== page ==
Veterinary professionals’ wider roles in society

Simon is the owner and director of Blackwater Consultancy where his principal client is UK Trade & Investment (UKTI) for which Simon works as the animal science expert for the Agri-Tech Organisation of UKTI. Simon graduated from the University of Glasgow in 2000 and worked for a number of years in progressive farm animal practice in Scotland and Northern Ireland before setting up Veterinary Northern Ireland in 2005-07. Simon joined the Agri-Food & Biosciences Institute (AFBI) as a veterinary research officer in 2007 where he managed the Ruminant Virology, Animal Services & Fish Diseases Units, and played an important role in contingency planning for epizootic diseases. He was appointed as a consultant to UKTI in 2015.

Simon is a STEM Ambassador, advising young people interested in careers in veterinary medicine, and regularly mentors vet school applicants. He is an accredited CowSignals Trainer, an honorary lecturer at Queen’s University Belfast and a trustee of the livestock development charity, Send a Cow. Simon is currently President of BVA Northern Ireland and the North of Ireland Veterinary Association.

“That the veterinary professions are clear and assertive about their wider roles in society, including in public health and environmental sustainability, and the critical importance of our scientific expertise is recognised and valued both within our professions and by the public”

Ambition 2 of Vet Futures – Taking charge of our future, pertaining to veterinary professionals’ wider roles in society.

Simon Doherty, Vet Futures Action Group member

Simon Doherty

Last year, it was my privilege to serve as the President of the BVA Northern Ireland Branch, during which time I had the opportunity to become fully immersed in the early stages of the Vet Futures project. When the call went out for applications to join the Vet Futures Action Group, I had little hesitation in preparing my application.

I qualified from the University of Glasgow Veterinary School in 2000 and, since then, have enjoyed a roller-coaster of a career – taking in general practice in Scotland and at home in Northern Ireland, two years setting up Veterinary Northern Ireland (VetNI), seven years in the world of diagnostics, research, commercialisation and regulatory studies at the Agri- Food & Biosciences Institute (AFBI), and a spell as business development director of a biotech company, before taking up my current professional role as an animal health consultant for UK Trade & Investment (UKTI).

Alongside that, I have enjoyed many representative roles on the committees and councils of BVA and several other professional bodies, as well as being involved in training and education, careers mentoring and as a trustee of livestock development charity, Send a Cow. I can honestly say that I’ve enjoyed every step along the way… so you can perhaps understand a little bit of my frustration when people continue to say to me, “I’m sure you must miss being a vet”.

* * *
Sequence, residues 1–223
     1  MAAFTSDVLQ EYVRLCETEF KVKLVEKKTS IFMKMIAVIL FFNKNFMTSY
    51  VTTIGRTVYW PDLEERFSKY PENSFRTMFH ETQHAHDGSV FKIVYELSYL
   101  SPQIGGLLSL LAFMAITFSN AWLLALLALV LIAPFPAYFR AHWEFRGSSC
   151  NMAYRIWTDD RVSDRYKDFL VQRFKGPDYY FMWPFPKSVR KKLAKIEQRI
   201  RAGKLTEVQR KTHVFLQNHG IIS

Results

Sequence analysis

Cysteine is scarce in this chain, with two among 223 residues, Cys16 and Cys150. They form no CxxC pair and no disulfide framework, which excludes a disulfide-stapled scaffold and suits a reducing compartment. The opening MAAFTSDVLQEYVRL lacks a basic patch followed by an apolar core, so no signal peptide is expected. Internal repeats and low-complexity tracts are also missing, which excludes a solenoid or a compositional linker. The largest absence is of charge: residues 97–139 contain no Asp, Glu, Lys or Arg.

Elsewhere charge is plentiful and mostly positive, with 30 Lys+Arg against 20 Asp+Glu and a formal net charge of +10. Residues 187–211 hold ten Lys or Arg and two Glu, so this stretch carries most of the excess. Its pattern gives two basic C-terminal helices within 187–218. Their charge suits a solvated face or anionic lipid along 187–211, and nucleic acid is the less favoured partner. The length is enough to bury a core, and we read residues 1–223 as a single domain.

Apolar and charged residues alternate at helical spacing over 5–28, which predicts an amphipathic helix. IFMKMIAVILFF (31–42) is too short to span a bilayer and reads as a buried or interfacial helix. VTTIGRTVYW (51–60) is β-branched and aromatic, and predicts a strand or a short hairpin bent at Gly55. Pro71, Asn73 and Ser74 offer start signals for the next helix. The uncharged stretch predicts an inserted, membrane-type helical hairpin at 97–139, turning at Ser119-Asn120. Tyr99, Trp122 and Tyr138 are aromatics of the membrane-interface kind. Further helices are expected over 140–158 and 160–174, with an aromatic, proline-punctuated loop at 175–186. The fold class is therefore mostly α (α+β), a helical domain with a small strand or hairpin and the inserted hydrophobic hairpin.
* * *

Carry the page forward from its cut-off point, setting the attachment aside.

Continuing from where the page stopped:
There is a widespread preconception – even from within our own profession – that, to be a ‘proper’ vet, you have to be in clinical practice. It has been really enlightening, through my appointment to the Vet Futures Action Group, to learn about the journeys many practising and non-practising vets have taken during their careers, and the roles they have played in society, using many of the skills and attributes that brought them to our profession in the first place. It has been great to receive such widespread support for the Vet Futures initiative from many of the stakeholders we’ve spoken to, and to have the endorsement of many of our allied associations; in particular, it has been a pleasure to share this journey with the veterinary nurses as they explore their VN Futures.

Of course, there are days when I miss driving around the countryside working directly with farmers and their livestock. But I am passionate about what the UK veterinary profession and, indeed, the wider animal health industry, has to offer – both within these islands and at a global level – such as expertise in areas including One Health and the control of pandemic diseases, and knowledge and experience in emerging sectors such as aquaculture… as well as all of the services being offered by the arm of the profession in clinical practice!

It would be my hope that veterinary surgeons and veterinary nurses up and down the country will read the Vet Futures report and this Action Plan, and the VN Futures report, and reflect on how they can each contribute to the successful development of our professions in the months, years and decades ahead.

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